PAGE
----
Engineers invent ultra-thin artificial skin that changes colors
A study published by a team of UC Berkeley engineers announces the invention of an ultra-thin film that can shift colors when flexed. Clearly, the inspiration comes from the capability of a chameleon to change colors to match the environment. It’s an incredible invention as a lot of fields will be benefited through such technology.
The team that includes Connie Chang-Hasnain, Li Zhu, Jonas Kapraun and James Ferrara studied and worked on fundamental elements of color and the human eye for creating this silicon film. The film is thousands of times thinner than a human hair. The shift of color is based on the principal of reflection of different wavelengths due to flexing in the skin. There are tiny ridges arranged in a row and the space between these ridges decides what wavelength will be reflected.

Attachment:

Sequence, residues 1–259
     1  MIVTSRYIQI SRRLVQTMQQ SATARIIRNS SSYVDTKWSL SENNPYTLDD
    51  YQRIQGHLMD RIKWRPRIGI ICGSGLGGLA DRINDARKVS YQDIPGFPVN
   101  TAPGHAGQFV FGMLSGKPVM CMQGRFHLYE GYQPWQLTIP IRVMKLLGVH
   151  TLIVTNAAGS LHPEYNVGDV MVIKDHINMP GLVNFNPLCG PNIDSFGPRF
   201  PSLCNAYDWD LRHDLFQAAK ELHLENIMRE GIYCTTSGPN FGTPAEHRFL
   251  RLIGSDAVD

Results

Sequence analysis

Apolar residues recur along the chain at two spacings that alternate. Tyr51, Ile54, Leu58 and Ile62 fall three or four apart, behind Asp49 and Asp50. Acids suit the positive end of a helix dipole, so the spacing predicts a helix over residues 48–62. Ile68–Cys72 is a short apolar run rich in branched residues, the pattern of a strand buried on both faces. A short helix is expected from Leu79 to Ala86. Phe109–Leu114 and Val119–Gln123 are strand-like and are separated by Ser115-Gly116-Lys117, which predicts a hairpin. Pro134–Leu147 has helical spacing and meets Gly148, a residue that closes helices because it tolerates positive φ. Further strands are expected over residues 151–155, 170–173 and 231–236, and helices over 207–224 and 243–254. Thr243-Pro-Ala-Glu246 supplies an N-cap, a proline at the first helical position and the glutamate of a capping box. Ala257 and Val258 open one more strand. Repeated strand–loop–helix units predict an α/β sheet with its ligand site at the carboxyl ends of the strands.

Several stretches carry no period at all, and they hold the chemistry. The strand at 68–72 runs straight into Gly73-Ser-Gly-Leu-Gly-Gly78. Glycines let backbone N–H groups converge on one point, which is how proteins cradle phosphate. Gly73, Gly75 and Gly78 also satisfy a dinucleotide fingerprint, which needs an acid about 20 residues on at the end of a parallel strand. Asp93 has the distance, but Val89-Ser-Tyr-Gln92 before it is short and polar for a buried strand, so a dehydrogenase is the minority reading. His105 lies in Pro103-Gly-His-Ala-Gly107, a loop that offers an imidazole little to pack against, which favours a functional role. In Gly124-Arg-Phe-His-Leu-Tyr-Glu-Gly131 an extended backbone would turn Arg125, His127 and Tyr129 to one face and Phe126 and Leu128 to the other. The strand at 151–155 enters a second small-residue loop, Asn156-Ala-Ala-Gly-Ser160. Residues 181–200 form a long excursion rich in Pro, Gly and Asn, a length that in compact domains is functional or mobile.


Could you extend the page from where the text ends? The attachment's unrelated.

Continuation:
Zhu, a fifth-year graduate student at UC Berkeley explained:
“The colors we see in objects are detected by the human eye when the white spectrum of light hits the surface (of an object). Depending on the object’s chemical architecture, the surface absorbs or reflects different wavelengths of light. Shorter waves that are reflected are seen as blue, and the longer waves are seen as red.”
This artificial chameleon skin can prove to be highly useful in new-age electronics that demand continuous supply of energy. The colored, multi-media device consumes higher amount of energy, and this is where this invention can help. The color display will be freed from this energy dependence. That can save a lot of energy for the world, and we really need to do so.
Further, the film can be utilized as sensors that’ll monitor all kind of changes in the structure of an object. For example, a damaged, cracked, protruded portion of a bridge will change color as the shape of the film will get altered due to these structural changes.
However, the trendy aspect is the capability to create fabrics to camouflage human body or fancy clothing that changes colors like chameleon.